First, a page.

Re: Freight Car Wheels


--- In STMFC@..., Anthony Thompson <thompson@s...> wrote:
A.T. Kott wrote:
Tony - The "iron" wheels were really chilled iron wheels -
actually a
composite of two different forms of cast iron in a single casting.
Yes. I'm a metallurgist and understand the product....
Tony - I did not know you are a metallurgist!! I have a couple of
questions for you regarding "wrought steel wheels" - how the heck did
they make them? Were they forged hot between dies? Is that what the
term "wrought" means?

In one of my previous rambling posts, I discussed casting of trailing
truck sideframes and cracking. It was my understanding from
somewhere that "cast steel wheels" suffered from the same cracking
problems until just prior to WWII. At that time, foundries figured
out how to design and cool them properly so that they were not prone
to cracks.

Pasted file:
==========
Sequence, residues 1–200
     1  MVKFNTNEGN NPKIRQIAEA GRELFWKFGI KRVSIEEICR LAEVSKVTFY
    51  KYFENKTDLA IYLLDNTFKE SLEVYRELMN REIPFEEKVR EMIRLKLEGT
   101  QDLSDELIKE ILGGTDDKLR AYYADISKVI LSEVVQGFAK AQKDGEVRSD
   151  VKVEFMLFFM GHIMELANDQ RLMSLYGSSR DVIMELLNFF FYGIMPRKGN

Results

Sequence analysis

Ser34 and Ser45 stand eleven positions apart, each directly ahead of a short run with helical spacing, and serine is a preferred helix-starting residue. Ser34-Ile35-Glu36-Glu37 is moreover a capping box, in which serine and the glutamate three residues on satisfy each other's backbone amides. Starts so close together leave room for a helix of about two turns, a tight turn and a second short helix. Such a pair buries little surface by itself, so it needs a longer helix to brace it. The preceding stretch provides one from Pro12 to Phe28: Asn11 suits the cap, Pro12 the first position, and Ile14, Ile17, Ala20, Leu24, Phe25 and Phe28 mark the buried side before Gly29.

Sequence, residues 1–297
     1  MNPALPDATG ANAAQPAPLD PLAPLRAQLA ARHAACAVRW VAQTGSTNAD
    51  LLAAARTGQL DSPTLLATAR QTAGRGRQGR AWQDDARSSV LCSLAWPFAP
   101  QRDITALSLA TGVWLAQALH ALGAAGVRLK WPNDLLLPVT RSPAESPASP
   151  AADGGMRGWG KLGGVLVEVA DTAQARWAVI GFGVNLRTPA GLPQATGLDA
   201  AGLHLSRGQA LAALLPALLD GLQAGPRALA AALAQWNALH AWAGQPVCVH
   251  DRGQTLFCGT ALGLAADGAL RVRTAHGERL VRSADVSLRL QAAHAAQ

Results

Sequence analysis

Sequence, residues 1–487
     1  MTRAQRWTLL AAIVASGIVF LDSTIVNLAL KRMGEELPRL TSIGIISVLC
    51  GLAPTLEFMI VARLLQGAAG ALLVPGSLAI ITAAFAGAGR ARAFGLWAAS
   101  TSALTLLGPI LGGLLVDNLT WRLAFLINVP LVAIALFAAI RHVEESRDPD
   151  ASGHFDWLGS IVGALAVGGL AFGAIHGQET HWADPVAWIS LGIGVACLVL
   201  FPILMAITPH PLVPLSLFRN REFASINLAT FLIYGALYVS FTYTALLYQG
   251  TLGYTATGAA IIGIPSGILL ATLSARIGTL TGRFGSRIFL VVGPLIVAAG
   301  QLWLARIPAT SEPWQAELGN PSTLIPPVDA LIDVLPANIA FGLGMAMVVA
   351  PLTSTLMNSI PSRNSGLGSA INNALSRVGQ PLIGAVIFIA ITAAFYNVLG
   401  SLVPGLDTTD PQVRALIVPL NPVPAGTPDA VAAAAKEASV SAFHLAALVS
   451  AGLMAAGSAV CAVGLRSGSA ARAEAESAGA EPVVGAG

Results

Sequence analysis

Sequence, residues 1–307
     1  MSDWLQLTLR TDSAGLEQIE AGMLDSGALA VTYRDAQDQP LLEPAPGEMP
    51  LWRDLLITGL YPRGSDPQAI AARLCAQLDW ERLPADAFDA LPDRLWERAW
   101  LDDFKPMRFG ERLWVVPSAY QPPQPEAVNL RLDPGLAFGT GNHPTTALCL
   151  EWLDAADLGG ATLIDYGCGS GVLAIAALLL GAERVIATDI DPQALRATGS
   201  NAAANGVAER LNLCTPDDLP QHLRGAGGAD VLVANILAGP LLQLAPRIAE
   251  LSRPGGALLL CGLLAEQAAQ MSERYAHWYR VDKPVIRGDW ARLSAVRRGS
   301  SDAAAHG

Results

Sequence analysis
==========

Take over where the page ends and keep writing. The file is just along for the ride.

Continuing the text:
Also, someone mentioned that 1" wear was a lot on a freight car
wheel. About 20 years ago, when a group of us were discussing
potential wheel standards for PROTO48 (a type of "O" scale fine
scale), the question of flange depth arose. From a MODEL engineering
standpoint, it is desirable to have the deepest flange possible. The
flange depth on a new prototype wheel was 1" high, as I recall. The
flange depth on a wheel at the condemning limit was 1-1/2". This
corresponds to 0.021" and 0.031" respectively in 1/48 scale. As I
recall, the flange depth of 0.026" was chosen for the standard, since
it represented a wheel halfway to the wear limit on the prototype.
("O" scale finescale, by comparison, has a 0.021" flange depth -
representing a new wheel).

So, I guess that 1/2" of tread wear into the chilled iron wheel
perimeter would be the maximum allowable wear.

A.T. Kott

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